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The Codes of Federal Regulation for the Americans with Disabilities Act of 1990 state,
"Service animal means any guide dog, signal dog, or other animal individually trained to do work or perform tasks for the benefit of an individual with a disability, including, but not limited to, guiding individuals with impaired vision, alerting individuals with impaired hearing to intruders or sounds, providing minimal protection or rescue work, pulling awheelchair, or fetching dropped items."
This definition is currently under review. The U.S. Department of Justice issued a "Notice of Proposed Rulemaking" indicating the Department's intent to modify this definition to read:
"Service animal means any dog or other common domestic animal individually trained to do work or perform tasks for the benefit of an individual with a disability, including, but not limited to, guiding individuals who are blind or have low vision, alerting individuals who are deaf or hard of hearing to the presence of people or sounds, providing minimal protection or rescue work, pulling a wheelchair, fetching items, assisting an individual during a seizure, retrieving medicine or the telephone, providing physical support and assistance with balance and stability to individuals with mobility disabilities, and assisting individuals, including those with cognitive disabilities, with navigation. The term service animal includes individually trained animals that do work or perform tasks for the benefit of individuals with disabilities, including psychiatric, cognitive, and mental disabilities. The term service animal does not include wild animals (including nonhuman primates born in captivity), reptiles, rabbits, farm animals (including any breed of horse, miniature horse, pony, pig, or goat), ferrets, amphibians, and rodents. Animals whose sole function is to provide emotional support, comfort, therapy, companionship, therapeutic benefits, or to promote emotional well-being are not service animals."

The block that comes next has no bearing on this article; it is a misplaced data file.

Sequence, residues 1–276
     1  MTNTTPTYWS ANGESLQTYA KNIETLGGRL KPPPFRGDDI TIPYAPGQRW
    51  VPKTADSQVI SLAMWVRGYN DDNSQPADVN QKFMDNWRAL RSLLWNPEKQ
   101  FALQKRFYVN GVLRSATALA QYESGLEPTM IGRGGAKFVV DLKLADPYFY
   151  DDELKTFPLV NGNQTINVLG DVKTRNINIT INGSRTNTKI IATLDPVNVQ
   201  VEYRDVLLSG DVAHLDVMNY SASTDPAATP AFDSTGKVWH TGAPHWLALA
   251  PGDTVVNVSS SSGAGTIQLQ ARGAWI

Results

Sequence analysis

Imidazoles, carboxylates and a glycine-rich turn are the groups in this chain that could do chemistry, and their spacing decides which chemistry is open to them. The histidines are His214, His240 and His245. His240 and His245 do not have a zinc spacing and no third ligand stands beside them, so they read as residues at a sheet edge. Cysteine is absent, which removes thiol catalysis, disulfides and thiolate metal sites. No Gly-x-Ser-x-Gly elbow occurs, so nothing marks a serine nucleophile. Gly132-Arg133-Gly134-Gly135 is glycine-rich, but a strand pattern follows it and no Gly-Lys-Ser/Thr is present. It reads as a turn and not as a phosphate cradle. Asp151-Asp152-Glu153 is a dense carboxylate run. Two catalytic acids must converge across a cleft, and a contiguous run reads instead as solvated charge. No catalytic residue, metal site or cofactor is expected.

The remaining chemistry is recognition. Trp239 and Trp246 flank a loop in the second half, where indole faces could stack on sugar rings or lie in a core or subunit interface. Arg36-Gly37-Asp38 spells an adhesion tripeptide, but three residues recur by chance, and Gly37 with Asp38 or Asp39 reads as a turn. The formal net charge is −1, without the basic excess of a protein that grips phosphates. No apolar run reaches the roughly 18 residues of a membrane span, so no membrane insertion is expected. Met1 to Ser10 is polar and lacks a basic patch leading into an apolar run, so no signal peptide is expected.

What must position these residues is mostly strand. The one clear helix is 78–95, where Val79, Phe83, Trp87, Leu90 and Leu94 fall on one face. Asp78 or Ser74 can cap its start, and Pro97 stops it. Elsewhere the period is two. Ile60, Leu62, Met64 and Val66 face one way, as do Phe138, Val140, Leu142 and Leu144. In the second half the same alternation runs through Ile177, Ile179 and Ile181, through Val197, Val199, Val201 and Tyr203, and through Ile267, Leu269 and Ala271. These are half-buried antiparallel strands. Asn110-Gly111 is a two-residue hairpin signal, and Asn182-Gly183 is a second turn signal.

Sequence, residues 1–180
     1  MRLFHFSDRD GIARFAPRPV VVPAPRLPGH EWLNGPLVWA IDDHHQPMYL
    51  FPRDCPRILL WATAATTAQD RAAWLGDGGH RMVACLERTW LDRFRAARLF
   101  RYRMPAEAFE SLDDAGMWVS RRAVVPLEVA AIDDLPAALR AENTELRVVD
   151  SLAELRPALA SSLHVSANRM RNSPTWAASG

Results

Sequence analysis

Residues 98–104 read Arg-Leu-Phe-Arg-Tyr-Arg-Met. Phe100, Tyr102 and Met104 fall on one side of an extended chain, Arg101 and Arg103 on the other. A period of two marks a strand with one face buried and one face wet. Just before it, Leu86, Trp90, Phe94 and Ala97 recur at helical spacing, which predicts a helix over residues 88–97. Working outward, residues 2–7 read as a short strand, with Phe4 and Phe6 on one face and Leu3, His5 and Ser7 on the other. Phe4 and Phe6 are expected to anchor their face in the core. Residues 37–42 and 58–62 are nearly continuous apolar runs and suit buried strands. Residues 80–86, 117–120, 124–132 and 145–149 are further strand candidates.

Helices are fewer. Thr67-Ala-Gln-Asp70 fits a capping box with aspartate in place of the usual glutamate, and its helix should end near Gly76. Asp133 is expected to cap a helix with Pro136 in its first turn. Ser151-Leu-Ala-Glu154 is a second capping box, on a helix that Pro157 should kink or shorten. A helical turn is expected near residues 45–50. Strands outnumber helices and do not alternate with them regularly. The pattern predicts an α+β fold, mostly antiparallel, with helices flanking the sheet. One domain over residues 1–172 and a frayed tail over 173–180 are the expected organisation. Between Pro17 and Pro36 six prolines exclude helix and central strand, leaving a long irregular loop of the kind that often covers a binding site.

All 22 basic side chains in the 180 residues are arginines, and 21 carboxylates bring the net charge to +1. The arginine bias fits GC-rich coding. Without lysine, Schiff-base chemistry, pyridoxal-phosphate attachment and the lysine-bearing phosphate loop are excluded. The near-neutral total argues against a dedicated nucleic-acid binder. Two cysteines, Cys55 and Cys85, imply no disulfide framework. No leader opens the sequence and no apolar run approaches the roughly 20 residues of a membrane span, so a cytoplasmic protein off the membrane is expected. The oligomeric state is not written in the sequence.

As of July 2009, this change has not been made officially and has not gone into effect.
Some other laws, especially some state laws, may use a different legal definition of "service animal." Consult a qualified attorney to learn which law and which definition apply in your specific situation.